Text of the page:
Auctioning coal blocks may not be the best bet
When it comes to safeguarding the wealth of the nation, the Government seems to be wanting, especially when it should be playing the role of custodian and guardian of natural resources.The iron ore issue has just about died down after Supreme Court strictures, as was the 2G scam. Now, ‘Coalgate’ is off the blocks with presumptive loss estimates totalling Rs 1.86 lakh crore.The Supreme Court’s general observations on the need to auction natural resources have made policymakers proactive again.
The Ashok Chawla report of 2011, which was gathering dust, is back in the reckoning. Most recommendations have found favour and there appears to be a near-consensus for the auction mode.
However, the dampener is that the authorities seem to be looking to arm themselves with exploration reports ahead of the auction. This is not wrong as it helps maximise revenue. Besides, bidders must know what is in store for them, given the imponderables in mining. But, then, this will take at least two to three years and, that too, if multiple agencies work in tandem.The Opposition is after the Government and the latter is rubbishing the CAG’s assumptions.Given the long list of protagonists and antagonists for the coal block auction, the question is whether auction is the only way to ensure efficient allocation acceptable to all quarters?
Yes, if total transparency needs to be achieved.
No, if the Government’s objectives are to accelerate growth, improve the dwindling cost competitiveness of Indian manufacturing, provide affordable energy to the poor, contain energy subsidy bill and provide jobs to millions of illiterate and semi-skilled persons.Consider whether allocations sans auction of coal blocks since 1993 achieved the objective. The Coal Minister said only 20 per cent of the 195 blocks are operational and industry claims even less than that.
Next, are those operational ones benefiting the people, such as the blocks allocated to the power sector?
Recently, the Coal Ministry cautioned power generator companies which have been allocated coal blocks to respond to bids floated by distribution companies (discoms). Importantly, the Ministry said it was brought to its notice that such companies were not bidding and even in cases where they did bid, their quotes were on a par with generators serviced by coal linkages. Obviously, the benefits of allocation have not being passed on, which was the primary intention of the Government while allocating the blocks.
It is well known that the closer one gets to the pithead, the greater the value of coal.Some Indian corporates which have ventured abroad for coal sourcing have been getting offers at $1 for every tonne of mine reserve in Indonesia. This does in some ways defeat the purpose of auctioning sans proper exploration.
A former Coal India head once said that, on an average, it took the company 10 years to make a mine operational. The world average is about six years.In India, the quickest, from allocation to near production, is the Sasan coal mines allocated to the 4000 MW Sasan ultra mega power project, which is said to have consumed 4.5 years as of date. Controversies apart, the reasons for Sasan mines to break the time barrier to bring coal to surface are collaboration, technology and equipment that the company brought home.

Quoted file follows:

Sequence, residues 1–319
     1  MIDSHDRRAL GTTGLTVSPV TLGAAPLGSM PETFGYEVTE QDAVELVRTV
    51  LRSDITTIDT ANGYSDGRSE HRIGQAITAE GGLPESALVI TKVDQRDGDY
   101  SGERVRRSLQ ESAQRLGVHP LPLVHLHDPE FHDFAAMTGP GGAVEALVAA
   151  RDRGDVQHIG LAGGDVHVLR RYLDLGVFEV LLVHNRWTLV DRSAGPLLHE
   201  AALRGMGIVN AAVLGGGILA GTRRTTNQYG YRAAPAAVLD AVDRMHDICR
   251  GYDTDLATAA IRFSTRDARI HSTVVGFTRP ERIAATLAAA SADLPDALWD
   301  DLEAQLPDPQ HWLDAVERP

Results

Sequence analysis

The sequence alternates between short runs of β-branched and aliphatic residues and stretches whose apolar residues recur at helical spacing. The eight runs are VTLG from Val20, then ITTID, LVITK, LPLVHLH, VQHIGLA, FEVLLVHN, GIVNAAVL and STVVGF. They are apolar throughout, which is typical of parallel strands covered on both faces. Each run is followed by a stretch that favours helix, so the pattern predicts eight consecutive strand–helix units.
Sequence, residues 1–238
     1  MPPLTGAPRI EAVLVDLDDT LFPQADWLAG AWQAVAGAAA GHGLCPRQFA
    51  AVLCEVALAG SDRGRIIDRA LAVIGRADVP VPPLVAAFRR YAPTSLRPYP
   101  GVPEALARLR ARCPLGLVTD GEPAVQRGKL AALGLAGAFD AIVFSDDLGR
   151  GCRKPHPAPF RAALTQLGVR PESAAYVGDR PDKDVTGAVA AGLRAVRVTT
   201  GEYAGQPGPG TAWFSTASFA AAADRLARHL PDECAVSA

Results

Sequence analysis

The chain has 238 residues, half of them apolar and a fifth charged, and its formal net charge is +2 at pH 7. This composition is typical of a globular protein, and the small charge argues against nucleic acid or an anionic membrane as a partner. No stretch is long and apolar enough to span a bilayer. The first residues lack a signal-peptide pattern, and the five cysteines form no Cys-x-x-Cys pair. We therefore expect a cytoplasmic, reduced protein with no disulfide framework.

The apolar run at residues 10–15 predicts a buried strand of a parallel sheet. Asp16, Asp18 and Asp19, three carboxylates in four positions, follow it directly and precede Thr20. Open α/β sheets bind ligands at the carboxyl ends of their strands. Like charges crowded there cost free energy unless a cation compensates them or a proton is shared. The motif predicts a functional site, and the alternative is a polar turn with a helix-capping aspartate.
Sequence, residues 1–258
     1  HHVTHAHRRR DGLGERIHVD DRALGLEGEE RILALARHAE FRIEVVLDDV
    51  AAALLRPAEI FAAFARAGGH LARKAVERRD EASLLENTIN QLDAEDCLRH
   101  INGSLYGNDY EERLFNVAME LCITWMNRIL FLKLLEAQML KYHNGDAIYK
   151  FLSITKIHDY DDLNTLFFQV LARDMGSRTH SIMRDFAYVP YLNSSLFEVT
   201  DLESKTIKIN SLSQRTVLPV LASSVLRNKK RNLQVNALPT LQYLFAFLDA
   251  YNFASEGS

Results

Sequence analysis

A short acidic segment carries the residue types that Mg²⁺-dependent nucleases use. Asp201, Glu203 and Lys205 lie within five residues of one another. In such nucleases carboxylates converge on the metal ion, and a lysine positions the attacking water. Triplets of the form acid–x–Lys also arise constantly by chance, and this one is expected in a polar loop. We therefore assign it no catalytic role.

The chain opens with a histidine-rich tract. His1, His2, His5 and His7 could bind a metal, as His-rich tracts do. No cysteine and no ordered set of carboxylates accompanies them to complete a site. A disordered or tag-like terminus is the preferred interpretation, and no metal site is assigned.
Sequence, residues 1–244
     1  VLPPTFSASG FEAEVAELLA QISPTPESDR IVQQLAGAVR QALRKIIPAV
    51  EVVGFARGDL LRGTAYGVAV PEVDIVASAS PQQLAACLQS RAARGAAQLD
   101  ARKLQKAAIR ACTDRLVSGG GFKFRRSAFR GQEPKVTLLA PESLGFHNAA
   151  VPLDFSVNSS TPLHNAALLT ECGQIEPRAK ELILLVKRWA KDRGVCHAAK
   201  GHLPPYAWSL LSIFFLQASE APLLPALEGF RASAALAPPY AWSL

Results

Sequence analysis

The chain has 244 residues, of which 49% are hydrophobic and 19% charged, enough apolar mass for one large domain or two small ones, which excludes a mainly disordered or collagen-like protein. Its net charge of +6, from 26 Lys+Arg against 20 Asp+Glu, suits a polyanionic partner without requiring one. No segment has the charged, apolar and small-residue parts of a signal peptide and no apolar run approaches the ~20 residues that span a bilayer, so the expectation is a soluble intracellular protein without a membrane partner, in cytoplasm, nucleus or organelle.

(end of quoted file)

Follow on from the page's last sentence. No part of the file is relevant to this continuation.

It should be understood that the private sector was bestowed allocations and the onus was on it to bring in acclaimed efficiencies to ensure early production. Further, it should also be said that the allottees were not unaware of the multiple issues that needed to be surmounted.It is also known that Coal India did not want to take up many of the mines for a variety of reasons, including its manpower cost (till recently mining operations outsourcing was unheard of).
Eighty per cent of the projects still have some way to go. There are also apprehensions that the CAG report like on 2G could lead to de-allocation of mines. Some Parliamentarians have been voicing this.
The Coal Ministry has identified 54 coal blocks with about 18.22 billion tonnes for auctioning. Out of this, 16 blocks with 7.27 billion tonnes are reserved for public sector companies, 16 blocks with 8.16 billion tonnes for power companies through tariff-based bidding and the balance with 2.79 billion tonnes for companies in other sectors.
In the larger interest of the nation, the Government could consider drawing up an impartial progress card, list out allotees who had made little or no progress, and weed out the chaff.Of course, due consideration should be given to allottees who have very genuine handicaps such as Naxal-infested areas, locations bordering tiger reserves and the like.
An over-riding tripartite agreement could also be considered with the allottee, government and a mine development operator of proven expertise to ensure early production. The modalities could also be worked out to ensure adequate return on investment for the allottee.Alternatively, the allottee could be given the exit option.
For the 54 coal blocks with about 18.22 billion tonnes identified for auctioning, the Government could also consider bids based on a non-negotiable lowest cost of coal production basis from well-explored blocks.Another criterion can be timeline-linked expenditure commitments. Yet another can be the amount of money that a bidder is willing to commit to the mine restoration fund over and above the stipulated norm.These can be backed with heavy dead rent for non-exploitation of licensed area and severe penalties for failure to comply with expenditure commitments and environmental norms.
Such bidding norms would put off the wheeler-dealers.
- Umesh Shanmugam